Hamra Street, Beirut’s Champs Elysées

Thursday, 23 September 2021 - 11:00 am (CET/MEZ) Berlin | Author/Destination:
Category/Kategorie: General, Shopping, Union for the Mediterranean
Reading Time:  6 minutes

Hamra Street © flickr.com - Lolinka/cc-by-2.0

Hamra Street © flickr.com – Lolinka/cc-by-2.0

Hamra Street or Rue Hamra is one of the main streets of the city of Beirut, Lebanon, and one of the main economic and diplomatic hubs of Beirut. It is located in the neighborhood of the same name, Hamra. Its technical name is Rue 31. Due to the numerous sidewalk cafes and theatres, Hamra Street was the centre of intellectual activity in Beirut during the 1960s and 1970s. Before 1975, Hamra Street and the surrounding district was known as Beirut’s trendiest, though in the post-war period it has arguably been eclipsed by Rue Monot in Ashrafieh, Rue Gouraud in Gemmayzeh, Rue Verdun, and downtown area. In the mid 1990s, the Municipality of Beirut gave a face lift to the street to reattract tourists all year round. Hamra Street was known as Beirut’s Champs Elysées as it was frequented by tourists, mostly Americans, Europeans and mega-rich Arabs, all year round. Today it is a commercial district with numerous prestigious universities (such as: American University of Beirut, Lebanese American University, and Haigazian University), hotels, furnished apartments, libraries, restaurants and coffee shops, with “78 Street” (commonly known as “the Alleyway”) being Hamra’s main pubbing and clubbing hub.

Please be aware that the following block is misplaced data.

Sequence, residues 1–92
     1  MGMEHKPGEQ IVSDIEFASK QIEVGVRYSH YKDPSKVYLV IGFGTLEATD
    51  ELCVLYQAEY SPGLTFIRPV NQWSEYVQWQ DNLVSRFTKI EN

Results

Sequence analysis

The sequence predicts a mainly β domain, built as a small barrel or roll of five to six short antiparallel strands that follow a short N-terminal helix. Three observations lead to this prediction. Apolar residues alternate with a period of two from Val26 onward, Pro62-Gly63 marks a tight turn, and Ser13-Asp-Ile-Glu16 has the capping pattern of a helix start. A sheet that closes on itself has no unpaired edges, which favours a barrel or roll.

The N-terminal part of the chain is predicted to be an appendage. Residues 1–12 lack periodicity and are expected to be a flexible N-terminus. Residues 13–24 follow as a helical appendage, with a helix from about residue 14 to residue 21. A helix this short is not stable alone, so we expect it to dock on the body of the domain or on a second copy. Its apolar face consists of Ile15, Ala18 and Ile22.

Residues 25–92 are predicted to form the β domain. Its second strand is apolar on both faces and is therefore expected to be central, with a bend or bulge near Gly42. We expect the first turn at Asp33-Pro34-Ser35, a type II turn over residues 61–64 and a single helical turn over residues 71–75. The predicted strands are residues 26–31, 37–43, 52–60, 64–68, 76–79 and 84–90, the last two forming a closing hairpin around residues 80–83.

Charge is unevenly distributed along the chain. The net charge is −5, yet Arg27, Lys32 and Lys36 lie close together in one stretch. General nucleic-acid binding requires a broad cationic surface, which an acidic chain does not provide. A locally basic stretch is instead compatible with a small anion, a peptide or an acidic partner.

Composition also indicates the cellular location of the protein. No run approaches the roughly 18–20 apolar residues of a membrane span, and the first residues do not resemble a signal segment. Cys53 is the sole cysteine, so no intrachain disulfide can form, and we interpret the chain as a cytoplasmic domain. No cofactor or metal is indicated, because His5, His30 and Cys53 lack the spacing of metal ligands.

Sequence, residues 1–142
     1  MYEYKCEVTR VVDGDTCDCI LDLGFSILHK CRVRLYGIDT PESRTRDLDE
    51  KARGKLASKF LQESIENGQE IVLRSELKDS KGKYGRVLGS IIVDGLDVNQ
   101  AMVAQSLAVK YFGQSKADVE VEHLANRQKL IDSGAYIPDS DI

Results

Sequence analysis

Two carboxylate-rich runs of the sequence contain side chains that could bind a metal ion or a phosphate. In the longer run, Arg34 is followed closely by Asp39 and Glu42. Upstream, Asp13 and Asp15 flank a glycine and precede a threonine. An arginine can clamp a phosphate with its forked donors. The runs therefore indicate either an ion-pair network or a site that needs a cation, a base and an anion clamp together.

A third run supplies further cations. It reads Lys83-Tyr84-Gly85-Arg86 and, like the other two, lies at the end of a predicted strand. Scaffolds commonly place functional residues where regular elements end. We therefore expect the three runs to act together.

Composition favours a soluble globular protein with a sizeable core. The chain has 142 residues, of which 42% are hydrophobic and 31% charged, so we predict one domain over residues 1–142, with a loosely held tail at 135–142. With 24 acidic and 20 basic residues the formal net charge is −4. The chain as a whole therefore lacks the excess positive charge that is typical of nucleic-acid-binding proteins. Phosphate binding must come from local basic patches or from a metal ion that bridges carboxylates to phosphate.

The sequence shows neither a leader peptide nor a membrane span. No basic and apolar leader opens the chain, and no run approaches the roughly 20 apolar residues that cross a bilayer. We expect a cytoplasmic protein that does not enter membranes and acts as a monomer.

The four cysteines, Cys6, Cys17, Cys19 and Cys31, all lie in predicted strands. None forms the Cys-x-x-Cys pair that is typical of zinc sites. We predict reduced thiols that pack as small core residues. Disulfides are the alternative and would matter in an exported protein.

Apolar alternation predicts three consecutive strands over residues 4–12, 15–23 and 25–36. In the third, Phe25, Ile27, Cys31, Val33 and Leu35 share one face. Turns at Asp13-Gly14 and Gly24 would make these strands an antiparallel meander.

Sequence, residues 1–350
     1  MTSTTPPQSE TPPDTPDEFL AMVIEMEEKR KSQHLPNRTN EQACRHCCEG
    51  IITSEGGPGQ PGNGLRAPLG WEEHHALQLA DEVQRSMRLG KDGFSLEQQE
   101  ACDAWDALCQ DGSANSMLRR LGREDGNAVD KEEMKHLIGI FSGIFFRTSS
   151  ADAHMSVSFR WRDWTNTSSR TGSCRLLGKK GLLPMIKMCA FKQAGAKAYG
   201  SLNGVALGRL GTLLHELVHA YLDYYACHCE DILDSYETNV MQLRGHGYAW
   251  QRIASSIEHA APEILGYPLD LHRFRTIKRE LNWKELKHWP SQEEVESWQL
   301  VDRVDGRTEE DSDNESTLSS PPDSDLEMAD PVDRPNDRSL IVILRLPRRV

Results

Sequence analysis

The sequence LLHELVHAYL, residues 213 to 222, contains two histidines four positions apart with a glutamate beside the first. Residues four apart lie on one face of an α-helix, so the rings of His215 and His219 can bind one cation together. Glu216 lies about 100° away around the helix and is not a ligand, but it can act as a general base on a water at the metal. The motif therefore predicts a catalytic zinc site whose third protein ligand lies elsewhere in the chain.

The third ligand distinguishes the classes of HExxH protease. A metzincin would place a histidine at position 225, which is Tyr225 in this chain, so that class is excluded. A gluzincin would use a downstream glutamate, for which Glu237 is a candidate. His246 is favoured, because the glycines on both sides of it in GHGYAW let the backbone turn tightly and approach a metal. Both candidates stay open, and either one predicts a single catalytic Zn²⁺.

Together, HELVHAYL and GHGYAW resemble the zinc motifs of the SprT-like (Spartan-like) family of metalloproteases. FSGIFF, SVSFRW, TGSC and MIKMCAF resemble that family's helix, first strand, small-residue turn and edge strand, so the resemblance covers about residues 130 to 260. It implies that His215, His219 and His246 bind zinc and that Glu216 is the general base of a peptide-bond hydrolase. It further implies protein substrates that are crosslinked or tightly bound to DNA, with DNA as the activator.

Hamra Street runs east-west, connecting Beirut Central District with the Ras Beirut neighborhoods. The street begins at the intersection of Rue de Rome and runs west until the intersection of Rue Sadat. Hamra Street is also a walking distance from the American University of Beirut on Bliss Street, Haigazian University on Rue Michel Chiha and the campus of the Lebanese American University as well as Rue Jeanne d’Arc and René Moawad Garden on Rue Spears.

The Los Angeles Times journalist and Pulitzer Prize winner Borzou Daragahi described the street as a bastion of liberalism [that] embraces multiple religions and political views; Hamra Street is an amalgam of all of Lebanon’s religious groups, including Sunnis, Maronites, Melkites, Greek Orthodox Christians, Druze, and Shias. Hamra, however, remains Lebanon‘s secular haven, melting pot for free thinkers and the least religiously affiliated area around Beirut as the area hosts a limited number of churches and mosques.